Hershey Gives Caps Sweet Taste of Success

Chris Bourque, after scoring in Game 2 of the Calder Cup finals, is one of several Hershey Bears whom the Capitals are counting on in the future.
Chris Bourque, after scoring in Game 2 of the Calder Cup finals, is one of several Hershey Bears whom the Capitals are counting on in the future. (Sean Simmers - AP)
By Tarik El-Bashir
Washington Post Staff Writer
Monday, June 4, 2007

HERSHEY, Pa. -- While the Ottawa Senators and Anaheim Ducks battle for the Stanley Cup, the eyes of Washington Capitals executives are fixed on another championship series.

The Hershey Bears, Washington's top minor league affiliate, are playing for a second consecutive American Hockey League title -- and, perhaps more important, providing a glimmer of hope for their rebuilding parent club, which has finished last in the NHL's Southeast Division three seasons running.

"It's been a struggle [in Washington] with the way things have gone," said 21-year-old defenseman Mike Green, one of the Capitals' brightest prospects. "Coming down here has helped my confidence and given me a taste of a winning atmosphere. It's teaching all of us how to win in Washington."

But Washington isn't on Green's mind at the moment. That's because the Bears, a potent collection of recent high draft picks and AHL veterans, are on the verge accomplishing something special in Hershey, the chocolate capital of the world and home of one of hockey's most storied franchises.

With nine AHL titles and 10 other championship series appearances, the Bears are aiming to become the league's first back-to-back champion since the Springfield (Mass.) Indians in 1990 and 1991. The Bears last repeated in 1958 and 1959.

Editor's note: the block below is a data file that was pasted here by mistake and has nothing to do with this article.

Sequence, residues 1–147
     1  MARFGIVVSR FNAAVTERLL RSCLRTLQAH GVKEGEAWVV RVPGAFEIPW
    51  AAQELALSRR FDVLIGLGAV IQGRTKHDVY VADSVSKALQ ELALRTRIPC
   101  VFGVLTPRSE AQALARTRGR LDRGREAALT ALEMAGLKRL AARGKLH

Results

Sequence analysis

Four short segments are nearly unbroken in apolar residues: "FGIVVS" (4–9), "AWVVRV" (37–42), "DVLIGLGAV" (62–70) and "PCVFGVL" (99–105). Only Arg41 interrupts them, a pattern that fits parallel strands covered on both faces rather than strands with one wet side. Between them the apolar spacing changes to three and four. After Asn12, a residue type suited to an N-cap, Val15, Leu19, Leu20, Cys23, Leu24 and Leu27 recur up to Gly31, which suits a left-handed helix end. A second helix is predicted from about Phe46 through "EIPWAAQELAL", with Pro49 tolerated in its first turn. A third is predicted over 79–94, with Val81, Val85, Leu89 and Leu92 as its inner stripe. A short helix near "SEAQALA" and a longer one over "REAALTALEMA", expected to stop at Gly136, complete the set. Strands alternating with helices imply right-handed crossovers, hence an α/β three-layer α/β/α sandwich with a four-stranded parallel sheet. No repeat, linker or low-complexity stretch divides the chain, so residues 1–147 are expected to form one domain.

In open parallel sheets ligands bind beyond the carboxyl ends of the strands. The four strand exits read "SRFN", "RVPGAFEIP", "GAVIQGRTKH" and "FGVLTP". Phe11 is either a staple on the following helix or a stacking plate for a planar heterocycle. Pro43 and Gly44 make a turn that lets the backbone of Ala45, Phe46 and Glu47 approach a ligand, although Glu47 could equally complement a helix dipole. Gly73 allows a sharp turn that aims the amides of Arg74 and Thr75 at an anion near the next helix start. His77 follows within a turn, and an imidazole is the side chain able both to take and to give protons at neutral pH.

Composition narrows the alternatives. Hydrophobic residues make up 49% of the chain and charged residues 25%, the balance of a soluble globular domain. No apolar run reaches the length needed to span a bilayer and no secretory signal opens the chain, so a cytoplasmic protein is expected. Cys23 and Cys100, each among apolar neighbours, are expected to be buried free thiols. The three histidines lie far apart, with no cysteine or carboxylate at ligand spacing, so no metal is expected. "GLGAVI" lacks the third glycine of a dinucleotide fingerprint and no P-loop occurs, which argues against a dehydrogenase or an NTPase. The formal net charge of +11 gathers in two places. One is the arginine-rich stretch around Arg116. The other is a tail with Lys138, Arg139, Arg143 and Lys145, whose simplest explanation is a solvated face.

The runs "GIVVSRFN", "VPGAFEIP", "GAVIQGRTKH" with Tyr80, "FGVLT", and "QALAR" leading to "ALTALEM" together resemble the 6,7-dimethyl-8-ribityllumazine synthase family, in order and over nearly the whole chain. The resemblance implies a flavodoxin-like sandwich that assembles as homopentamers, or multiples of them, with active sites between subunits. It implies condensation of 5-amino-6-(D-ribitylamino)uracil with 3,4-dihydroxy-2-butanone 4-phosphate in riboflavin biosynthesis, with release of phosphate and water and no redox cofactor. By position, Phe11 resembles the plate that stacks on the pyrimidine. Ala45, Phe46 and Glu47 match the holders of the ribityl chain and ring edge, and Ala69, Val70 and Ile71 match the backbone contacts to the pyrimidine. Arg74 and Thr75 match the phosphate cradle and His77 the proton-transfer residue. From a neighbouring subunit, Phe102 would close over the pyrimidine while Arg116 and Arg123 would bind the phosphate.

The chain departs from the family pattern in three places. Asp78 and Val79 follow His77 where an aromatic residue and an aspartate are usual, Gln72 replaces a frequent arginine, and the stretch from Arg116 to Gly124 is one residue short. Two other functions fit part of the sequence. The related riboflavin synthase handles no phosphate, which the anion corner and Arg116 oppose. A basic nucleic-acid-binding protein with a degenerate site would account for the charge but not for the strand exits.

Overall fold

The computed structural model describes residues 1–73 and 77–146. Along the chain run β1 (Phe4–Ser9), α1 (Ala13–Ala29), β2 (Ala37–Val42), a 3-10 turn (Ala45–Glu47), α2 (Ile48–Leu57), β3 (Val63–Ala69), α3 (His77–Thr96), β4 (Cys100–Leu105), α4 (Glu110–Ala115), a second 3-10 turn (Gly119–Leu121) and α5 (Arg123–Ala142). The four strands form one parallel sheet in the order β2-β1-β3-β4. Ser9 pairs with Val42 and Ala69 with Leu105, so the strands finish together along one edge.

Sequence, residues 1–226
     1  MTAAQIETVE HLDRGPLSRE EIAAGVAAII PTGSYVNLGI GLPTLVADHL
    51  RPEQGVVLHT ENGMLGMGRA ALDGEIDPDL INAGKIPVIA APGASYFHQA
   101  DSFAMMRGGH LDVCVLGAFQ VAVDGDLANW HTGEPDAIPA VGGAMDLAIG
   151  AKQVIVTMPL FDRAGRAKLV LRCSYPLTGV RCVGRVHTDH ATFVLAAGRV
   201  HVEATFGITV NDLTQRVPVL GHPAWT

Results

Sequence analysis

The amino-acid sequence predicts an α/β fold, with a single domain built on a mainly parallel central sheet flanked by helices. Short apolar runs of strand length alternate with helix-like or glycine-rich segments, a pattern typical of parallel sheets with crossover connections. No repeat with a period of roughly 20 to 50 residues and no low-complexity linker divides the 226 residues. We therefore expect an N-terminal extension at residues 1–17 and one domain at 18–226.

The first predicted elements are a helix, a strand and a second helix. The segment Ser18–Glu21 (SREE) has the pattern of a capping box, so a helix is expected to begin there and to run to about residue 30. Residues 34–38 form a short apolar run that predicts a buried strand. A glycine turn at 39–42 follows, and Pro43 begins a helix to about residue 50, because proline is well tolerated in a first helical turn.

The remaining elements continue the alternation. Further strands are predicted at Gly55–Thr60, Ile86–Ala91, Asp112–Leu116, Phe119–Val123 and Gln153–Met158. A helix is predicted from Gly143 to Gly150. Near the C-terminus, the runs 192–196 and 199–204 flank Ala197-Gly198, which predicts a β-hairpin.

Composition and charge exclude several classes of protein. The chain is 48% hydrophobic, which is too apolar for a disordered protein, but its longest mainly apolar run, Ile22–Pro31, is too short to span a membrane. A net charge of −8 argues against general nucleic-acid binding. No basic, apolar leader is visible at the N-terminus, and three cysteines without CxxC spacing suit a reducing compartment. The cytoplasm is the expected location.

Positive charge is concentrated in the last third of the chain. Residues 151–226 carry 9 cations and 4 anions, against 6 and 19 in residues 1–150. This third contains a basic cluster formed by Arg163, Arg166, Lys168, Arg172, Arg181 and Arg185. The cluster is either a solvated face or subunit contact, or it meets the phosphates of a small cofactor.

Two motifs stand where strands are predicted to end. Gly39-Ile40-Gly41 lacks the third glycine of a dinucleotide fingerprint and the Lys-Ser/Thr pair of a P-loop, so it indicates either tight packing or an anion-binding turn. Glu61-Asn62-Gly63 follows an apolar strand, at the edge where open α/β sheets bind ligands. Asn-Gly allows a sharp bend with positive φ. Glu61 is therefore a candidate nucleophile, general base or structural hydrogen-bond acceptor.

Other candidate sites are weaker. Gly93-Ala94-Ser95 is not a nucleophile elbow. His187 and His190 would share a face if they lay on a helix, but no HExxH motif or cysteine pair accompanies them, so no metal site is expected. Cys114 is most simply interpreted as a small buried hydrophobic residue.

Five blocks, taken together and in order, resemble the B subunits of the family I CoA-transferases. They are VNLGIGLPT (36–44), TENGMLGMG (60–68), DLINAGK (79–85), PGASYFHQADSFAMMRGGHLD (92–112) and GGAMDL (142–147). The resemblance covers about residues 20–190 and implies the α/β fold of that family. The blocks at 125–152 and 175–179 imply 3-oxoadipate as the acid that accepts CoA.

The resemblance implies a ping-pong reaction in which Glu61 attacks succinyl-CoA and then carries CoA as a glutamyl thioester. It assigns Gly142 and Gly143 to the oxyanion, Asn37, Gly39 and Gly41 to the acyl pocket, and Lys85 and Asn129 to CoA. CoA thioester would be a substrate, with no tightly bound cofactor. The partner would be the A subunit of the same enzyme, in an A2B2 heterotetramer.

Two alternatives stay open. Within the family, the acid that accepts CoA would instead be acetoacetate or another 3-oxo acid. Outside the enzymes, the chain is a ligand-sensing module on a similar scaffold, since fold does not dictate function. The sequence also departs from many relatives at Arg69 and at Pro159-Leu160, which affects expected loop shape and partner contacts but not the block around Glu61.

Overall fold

"It's getting closer, but you don't want to look too far ahead," said defenseman Jeff Schultz, who like Green hopes to secure a full-time job in Washington next season. "Because if you're looking at the big prize, you get distracted."

That appeared to be the case in Game 1 of the Calder Cup finals on Friday night. A powerful thunderstorm knocked out the power at Giant Center, delaying the opening faceoff by nearly 30 minutes. Then the Bears suffered a power failure, losing 4-0 to the Hamilton Bulldogs, an affiliate of the Montreal Canadiens. It was Hershey's first regulation loss of this year's playoffs and the first time the Bears have been shut out since last season.

Coach Bruce Boudreau shuffled his lineup and his forward combinations for Game 2, and the Bears responded with a 4-2 victory that evened the best-of-seven series. Prospects Jakub Klepis and Chris Bourque each scored even-strength goals and goaltender Frederic Cassivi, a 31-year-old with only 13 NHL games on his résumé, came up with 20 saves.

Game 3 is tonight in Hamilton, Ontario.

Capitals majority owner Ted Leonsis made the short journey on his private jet for the opener. He watched from the suite of Bears General Manager Doug Yingst. (Capitals GM George McPhee was unable to attend because he's in Toronto for the NHL draft combine.)

"I like to come down to show the players that I'm here, that I'm supporting them, that they're important to the Capitals," Leonsis said. "When you look around, the most successful NHL organizations have a strong relationship" with their minor league club.

Separated by only 130 miles, Hershey's close proximity has proven to be beneficial for the Capitals, who can easily shuttle prospects back and forth. In January, the clubs extended their agreement through next season.

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